The agricultural crisis and the way out

Serious problems in the development of agriculture became apparent by the 1970s, especially in the Non-Black Earth Region. Growth of production on collective and state farms required increased funding. The productivity of livestock and crop yields, the productivity of workers was low in comparison even with countries with similar natural prerequisites. Most of the enterprises existed on large subsidies. The increased investment in agriculture under the Non-Black Earth Region Development Program did not help either. At the same time, the southern regions, relying on favorable natural conditions and labor potential, have become the main granaries. Agriculture also expanded to the east of the country.

The result of the first years of reforms in the 1990s. was the destruction of the existing system of supplies of seeds, machinery, fuel and sales of products with the liberalization of prices in the country. Agricultural enterprises have almost lost their main support – the state. All this created completely different external conditions for the functioning of the industry, while large and medium-sized enterprises have changed insignificantly.

By the end of the 1990s. the volume of all agricultural products decreased by 40%, and in the collective sector – by 60%. The number of cattle at agricultural enterprises has decreased almost 3 times, pigs – 4 times; milk and meat production decreased by the same 3-4 times. All this has noticeably changed the load on soil resources.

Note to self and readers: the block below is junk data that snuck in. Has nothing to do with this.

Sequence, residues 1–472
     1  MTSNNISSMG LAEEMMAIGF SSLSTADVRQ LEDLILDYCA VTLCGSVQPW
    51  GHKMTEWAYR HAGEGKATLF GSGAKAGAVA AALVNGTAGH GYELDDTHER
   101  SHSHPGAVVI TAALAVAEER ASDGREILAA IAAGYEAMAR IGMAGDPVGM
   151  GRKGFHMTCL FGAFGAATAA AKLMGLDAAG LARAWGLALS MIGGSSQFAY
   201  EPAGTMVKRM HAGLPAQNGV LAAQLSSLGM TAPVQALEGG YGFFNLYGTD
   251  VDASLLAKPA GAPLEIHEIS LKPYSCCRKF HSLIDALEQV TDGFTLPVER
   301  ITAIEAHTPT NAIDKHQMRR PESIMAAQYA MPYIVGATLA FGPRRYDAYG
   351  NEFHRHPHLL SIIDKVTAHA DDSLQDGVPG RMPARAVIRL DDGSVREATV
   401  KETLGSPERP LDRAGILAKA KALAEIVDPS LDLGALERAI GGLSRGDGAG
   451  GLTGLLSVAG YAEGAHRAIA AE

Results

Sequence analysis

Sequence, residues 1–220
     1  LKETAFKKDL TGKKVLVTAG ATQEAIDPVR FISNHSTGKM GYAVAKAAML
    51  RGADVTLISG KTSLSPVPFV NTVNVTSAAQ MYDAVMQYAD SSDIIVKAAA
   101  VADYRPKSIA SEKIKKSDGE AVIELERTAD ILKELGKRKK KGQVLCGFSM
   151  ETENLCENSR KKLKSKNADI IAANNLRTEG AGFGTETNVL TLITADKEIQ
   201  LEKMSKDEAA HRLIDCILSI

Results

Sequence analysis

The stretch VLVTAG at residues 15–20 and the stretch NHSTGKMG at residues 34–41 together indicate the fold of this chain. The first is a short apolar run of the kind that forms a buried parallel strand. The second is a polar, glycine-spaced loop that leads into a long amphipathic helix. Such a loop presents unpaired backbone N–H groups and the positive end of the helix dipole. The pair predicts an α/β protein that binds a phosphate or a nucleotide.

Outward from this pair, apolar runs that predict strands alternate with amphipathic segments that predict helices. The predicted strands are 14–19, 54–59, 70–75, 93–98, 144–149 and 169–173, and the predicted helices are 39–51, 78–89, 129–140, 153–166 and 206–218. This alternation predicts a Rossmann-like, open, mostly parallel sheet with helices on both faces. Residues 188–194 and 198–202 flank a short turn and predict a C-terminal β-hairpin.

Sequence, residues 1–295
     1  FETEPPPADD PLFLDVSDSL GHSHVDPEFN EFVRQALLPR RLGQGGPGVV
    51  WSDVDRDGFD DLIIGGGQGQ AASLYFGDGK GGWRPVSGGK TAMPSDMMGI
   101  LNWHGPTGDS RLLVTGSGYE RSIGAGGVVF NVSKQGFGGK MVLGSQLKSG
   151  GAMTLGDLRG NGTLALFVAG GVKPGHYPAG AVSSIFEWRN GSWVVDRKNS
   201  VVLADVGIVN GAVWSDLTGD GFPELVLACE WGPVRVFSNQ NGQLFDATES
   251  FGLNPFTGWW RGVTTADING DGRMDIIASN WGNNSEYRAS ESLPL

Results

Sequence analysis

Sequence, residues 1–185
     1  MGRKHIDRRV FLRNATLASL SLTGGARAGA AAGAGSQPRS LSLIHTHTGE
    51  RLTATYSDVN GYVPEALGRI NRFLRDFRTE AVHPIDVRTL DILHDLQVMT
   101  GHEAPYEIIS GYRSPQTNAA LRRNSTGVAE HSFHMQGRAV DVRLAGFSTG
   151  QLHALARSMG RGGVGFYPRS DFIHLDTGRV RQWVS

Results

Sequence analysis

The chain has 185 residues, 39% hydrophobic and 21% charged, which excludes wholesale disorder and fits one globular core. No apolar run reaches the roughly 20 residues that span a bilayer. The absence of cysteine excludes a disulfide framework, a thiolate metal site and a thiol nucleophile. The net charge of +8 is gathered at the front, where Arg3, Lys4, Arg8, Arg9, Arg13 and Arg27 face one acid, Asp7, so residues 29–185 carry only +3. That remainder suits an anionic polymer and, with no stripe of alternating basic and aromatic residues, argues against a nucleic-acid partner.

The agricultural reforms of the 1990s included: 1) the transformation of state farms and parts of collective farms into joint-stock companies, partnerships, production cooperatives, etc., 2) the abolition of the state monopoly on land and its transfer to small private land owners by dividing a significant part of state land used by agricultural enterprises for land shares and permits for the sale and purchase of land; 3) creation of conditions for the development of farms and households; 4) the development of large agro-industrial corporations.

Agricultural enterprises adapted to new conditions only by the end of the 1990s, and production began to grow. Growth began with crop production, in the 2000s, although at a slow pace, livestock production began to increase, the number of poultry and pigs increased.

A new impetus to the development of agriculture was given by the national project “Development of the agro-industrial complex”, which included three areas: “Accelerated development of animal husbandry”, “Stimulating the development of small forms of farming” and “Providing affordable housing for young professionals (or their families) in the countryside.” Since 2006, loans for the construction and modernization of livestock complexes (farms) have become more affordable, the interest rate on loans is being subsidized, supplies under the federal leasing system for pedigree livestock, machinery and equipment for livestock raising have been increased. Also, the attractiveness of loans for the population and farmers has been increased. In 2007, the State Program for the Development of Agriculture and Regulation of the Market for Agricultural Products, Raw Materials and Food for 2008-2012 was adopted.